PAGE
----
Swedish conquerors established a sea fortress named Rågövik (“Rye Island Bay”) to the deep and wind-sheltered Paldiski Bay in the 17th century. Later it became a Russian naval base in the 18th century. Peter the Great planned to build a giant military port of there. The plan envisaged that the mole would offer shelter for the entire vast navy of Russia. Construction of the military port started in 1716. Despite the efforts of thousands of convicts, the planned 2-km-long giant facility could not be completed and even the completed part was quite soon destroyed by autumn storms.
In 1762, the Russians (Catherine II) renamed the sea fortress of Rogerwiek into Baltiyskiy Port (Baltic Port), and the Estonian pronounciation, Paldiski, became the official name in 1933. In 1962, Paldiski became a Soviet Navy nuclear submarine training centre. With two land-based nuclear reactors, and employing some 16,000 people, it was the largest such facility in the Soviet Union. Because of its importance, the whole city was closed off with barbed wire until the last Russian warship left in August 1994. Russia finally relinquished control of the nuclear reactor facilities in September 1995.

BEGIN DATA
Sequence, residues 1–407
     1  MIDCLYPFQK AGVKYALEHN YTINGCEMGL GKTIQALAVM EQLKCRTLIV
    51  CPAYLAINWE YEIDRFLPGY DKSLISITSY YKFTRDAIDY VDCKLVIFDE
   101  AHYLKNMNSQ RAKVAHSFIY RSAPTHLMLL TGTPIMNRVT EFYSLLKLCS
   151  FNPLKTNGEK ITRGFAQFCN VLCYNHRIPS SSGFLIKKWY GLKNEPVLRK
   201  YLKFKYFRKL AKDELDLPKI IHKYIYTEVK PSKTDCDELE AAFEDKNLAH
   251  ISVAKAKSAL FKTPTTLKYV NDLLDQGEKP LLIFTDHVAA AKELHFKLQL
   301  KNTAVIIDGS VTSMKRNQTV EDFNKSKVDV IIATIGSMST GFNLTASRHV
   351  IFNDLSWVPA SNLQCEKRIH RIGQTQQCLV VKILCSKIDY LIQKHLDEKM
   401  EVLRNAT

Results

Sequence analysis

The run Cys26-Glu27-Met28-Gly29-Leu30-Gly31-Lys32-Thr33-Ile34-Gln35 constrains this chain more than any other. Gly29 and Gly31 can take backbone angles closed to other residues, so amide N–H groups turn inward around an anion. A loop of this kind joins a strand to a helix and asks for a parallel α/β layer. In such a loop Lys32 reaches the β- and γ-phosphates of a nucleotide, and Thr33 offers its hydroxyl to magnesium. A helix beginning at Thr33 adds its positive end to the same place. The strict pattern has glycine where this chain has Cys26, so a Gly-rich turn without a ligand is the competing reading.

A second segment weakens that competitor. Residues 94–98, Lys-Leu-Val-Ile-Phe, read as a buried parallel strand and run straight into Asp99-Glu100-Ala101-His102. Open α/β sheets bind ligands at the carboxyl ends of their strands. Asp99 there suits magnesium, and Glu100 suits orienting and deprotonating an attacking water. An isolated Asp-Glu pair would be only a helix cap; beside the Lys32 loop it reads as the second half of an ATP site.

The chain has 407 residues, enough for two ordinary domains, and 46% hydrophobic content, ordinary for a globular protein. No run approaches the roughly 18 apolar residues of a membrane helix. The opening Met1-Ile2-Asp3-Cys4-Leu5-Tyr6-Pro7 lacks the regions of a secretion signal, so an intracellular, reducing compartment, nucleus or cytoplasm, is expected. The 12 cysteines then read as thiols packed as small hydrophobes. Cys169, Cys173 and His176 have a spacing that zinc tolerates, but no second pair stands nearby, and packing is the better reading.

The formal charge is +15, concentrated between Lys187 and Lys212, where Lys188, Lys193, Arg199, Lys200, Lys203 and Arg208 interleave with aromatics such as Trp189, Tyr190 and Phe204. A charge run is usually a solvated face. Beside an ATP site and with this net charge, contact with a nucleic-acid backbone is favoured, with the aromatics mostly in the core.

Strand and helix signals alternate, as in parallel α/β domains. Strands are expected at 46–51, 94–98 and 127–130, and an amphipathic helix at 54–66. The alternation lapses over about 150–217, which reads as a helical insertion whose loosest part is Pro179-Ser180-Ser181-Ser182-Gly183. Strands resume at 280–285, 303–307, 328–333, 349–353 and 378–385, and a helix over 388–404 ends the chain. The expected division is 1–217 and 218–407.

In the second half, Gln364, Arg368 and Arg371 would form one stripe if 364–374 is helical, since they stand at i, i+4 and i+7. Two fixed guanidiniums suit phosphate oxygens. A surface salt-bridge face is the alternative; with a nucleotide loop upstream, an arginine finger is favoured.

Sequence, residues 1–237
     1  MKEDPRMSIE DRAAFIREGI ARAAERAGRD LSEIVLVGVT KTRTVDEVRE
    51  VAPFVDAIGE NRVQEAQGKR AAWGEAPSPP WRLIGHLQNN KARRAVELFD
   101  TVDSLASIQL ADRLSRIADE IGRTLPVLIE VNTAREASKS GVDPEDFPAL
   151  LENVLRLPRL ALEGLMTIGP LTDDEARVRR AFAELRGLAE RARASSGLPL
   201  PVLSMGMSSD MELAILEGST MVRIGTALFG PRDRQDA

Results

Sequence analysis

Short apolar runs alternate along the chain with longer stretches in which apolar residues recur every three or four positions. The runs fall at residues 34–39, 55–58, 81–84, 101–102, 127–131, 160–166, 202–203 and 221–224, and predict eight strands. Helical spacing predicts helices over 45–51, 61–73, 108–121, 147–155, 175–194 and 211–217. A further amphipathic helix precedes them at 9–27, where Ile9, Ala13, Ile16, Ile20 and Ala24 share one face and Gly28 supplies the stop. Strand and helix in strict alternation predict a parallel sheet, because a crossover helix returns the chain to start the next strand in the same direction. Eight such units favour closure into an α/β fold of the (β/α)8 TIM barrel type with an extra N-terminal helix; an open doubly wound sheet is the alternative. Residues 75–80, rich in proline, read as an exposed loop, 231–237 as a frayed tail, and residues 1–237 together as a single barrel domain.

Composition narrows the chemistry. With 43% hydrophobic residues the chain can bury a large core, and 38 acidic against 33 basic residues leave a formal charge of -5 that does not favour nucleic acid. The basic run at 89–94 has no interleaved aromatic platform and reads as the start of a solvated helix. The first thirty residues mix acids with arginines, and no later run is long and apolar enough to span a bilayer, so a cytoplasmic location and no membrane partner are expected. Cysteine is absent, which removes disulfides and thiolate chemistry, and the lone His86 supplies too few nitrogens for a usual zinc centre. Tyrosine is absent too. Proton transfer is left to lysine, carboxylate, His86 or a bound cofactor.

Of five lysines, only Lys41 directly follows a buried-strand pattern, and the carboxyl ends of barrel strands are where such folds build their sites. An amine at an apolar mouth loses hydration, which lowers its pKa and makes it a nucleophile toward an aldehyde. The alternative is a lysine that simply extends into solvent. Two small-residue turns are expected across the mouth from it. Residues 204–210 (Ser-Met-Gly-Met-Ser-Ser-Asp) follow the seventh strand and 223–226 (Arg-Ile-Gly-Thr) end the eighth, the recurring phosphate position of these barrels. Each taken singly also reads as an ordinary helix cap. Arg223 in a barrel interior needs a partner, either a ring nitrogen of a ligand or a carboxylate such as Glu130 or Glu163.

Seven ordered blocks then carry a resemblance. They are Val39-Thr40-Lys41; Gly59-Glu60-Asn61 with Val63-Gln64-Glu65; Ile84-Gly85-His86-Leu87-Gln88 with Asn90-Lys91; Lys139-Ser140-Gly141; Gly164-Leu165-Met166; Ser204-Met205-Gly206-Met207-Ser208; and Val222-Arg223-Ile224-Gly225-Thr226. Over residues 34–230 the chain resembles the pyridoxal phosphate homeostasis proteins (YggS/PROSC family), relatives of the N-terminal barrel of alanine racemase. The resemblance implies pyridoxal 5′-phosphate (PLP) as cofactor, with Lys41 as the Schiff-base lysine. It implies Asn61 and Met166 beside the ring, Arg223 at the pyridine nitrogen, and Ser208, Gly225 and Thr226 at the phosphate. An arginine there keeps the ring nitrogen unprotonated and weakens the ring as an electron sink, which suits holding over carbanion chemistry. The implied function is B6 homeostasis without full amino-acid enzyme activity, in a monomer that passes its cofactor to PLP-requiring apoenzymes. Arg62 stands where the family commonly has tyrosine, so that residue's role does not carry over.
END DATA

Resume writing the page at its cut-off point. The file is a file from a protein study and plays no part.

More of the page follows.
Sirmione castle was built near the end of the 12th century as part of a defensive network surrounding Verona. The castle was maintained and extended first as part of the Veronese protection against their rivals in Milan and later under the control of the Venetian inland empire. The massive fortress is totally surrounded by water and has an inner porch which houses a Roman and Medieval lapidary. From the drawbridge, a staircase leads to the walkways above the walls, providing a marvellous view of the harbour that once sheltered the Scaliger fleet. The doors were fitted with a variety of locking systems, including a drawbridge for horses, carriages and pedestrians, a metal grate and, more recently, double hinged doors. Venice conquered Sirmione in 1405, immediately adopting provisions to render the fortress even more secure, fortifying its outer walls and widening the harbour.
Thanks to its strategical geographical location as a border outpost, Sirmione became a crucial defence and control garrison for the ruling nobles, retaining this function until the 16th century, when its role was taken up by Peschiera del Garda.